Linked by Thom Holwerda on Mon 12th Jun 2006 13:43 UTC, submitted by Neal Freemen
Windows Microsoft has taken another step in its effort to bring Windows in the world of supercomputing, having finished development of its computer cluster operating system. It has finalized the code for Windows Compute Cluster Server 2003, which is designed to allow multiple servers to work together to handle high-performance computing (HPC) tasks. Such work, long handled by systems from SGI and Cray, has increasingly been tackled by Linux clusters, though Microsoft has been planning its entry for some time.
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It sounds interesting to me. I'm the "computer & network responsible" for a small school. At any given time, we've got maybe twenty computers running. Most workstations aren't at full CPU utilization the whole time.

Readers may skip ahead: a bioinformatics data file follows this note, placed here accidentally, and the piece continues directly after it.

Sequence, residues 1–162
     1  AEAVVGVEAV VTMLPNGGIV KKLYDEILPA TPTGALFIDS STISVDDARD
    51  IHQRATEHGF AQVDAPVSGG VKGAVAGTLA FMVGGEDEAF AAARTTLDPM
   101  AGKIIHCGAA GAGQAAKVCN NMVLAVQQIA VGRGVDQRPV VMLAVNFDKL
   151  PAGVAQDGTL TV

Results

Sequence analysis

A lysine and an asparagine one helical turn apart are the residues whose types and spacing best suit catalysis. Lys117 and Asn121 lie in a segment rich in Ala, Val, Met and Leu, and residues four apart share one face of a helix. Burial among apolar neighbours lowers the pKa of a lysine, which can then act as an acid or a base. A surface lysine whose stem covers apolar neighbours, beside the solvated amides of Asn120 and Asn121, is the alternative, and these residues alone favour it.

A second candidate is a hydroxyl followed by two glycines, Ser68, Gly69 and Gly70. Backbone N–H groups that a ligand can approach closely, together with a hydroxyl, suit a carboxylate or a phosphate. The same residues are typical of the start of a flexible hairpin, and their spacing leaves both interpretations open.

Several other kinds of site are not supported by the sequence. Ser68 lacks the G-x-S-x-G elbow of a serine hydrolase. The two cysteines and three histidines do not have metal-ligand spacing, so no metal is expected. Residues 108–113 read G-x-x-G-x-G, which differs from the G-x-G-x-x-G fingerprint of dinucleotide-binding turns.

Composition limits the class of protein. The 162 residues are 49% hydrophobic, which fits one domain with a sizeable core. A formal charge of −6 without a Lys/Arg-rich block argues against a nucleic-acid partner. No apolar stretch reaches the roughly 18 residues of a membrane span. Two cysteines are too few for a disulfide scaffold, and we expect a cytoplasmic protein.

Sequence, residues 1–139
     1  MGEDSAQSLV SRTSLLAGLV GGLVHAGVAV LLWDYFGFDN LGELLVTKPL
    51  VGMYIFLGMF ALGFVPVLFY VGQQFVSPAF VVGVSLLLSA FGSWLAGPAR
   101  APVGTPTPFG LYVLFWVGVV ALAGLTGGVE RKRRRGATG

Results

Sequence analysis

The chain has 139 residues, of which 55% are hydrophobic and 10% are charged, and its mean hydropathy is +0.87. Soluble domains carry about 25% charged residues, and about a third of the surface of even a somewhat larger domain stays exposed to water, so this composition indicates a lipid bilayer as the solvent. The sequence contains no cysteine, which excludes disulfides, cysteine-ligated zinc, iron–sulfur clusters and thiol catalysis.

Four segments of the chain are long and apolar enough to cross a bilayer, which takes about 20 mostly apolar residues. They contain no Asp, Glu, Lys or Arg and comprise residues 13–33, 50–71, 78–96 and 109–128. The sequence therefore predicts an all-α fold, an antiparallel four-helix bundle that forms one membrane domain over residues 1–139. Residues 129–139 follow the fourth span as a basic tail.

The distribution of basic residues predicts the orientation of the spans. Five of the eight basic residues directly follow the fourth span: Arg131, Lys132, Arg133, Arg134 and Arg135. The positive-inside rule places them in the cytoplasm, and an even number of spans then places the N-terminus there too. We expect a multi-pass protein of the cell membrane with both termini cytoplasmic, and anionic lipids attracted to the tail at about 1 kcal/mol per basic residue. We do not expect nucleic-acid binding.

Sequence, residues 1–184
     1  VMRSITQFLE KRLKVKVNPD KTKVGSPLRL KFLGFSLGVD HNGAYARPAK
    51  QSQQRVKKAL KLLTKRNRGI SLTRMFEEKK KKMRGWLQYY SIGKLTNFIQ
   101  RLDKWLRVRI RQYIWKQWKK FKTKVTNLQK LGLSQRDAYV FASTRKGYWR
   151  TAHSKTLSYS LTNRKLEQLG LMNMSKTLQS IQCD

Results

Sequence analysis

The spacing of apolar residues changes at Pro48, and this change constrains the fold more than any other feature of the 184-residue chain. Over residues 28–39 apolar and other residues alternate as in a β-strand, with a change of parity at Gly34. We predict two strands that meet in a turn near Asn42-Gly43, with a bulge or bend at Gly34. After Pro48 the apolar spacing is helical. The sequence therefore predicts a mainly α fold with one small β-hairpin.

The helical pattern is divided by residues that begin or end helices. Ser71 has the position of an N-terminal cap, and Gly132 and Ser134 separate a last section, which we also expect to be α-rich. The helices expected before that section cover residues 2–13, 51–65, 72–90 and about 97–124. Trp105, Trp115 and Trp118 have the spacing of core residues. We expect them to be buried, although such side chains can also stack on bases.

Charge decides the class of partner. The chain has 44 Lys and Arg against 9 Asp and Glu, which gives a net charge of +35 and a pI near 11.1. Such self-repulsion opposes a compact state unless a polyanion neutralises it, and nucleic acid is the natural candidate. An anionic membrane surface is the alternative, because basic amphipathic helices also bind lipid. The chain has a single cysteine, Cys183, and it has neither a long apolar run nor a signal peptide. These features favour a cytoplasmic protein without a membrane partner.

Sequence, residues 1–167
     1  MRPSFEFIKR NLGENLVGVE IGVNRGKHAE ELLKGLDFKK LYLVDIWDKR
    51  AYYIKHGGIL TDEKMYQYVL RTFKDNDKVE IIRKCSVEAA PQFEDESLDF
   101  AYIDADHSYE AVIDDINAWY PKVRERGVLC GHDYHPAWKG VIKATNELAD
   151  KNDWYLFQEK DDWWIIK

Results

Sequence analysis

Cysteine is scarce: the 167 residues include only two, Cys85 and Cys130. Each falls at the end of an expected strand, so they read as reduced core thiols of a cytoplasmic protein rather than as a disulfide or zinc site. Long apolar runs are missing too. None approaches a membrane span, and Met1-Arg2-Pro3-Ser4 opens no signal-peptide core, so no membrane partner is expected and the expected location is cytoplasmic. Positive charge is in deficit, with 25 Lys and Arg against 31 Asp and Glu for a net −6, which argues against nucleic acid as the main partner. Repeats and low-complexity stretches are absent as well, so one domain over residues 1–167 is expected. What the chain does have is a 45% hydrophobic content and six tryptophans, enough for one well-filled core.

Say one of the students wants to listen to MP3's, download stuff on bittorrent, photoshop some images, browse the web, and make an OpenOffice Impress presentation at the same time. She's using a Celeron 400 machine. On the other hand, I'm just typing a document on my dual core Athlon. It would be much more efficient if some of the tasks running on her PII could be migrated over the my under-utilized Athlon. Things would be much quicker and nicer for her, and I wouldn't notice.

If the MS folks would produce a simple, easy to configure clustering system that would allow this (and then willing to donate some licenses to us) I'd be willing to check out their stuff. I think a lot of other home, schools, and small businesses might also be interested in this if it were explained well. I doubt it's going to happen, but it's an area that interests me a lot.

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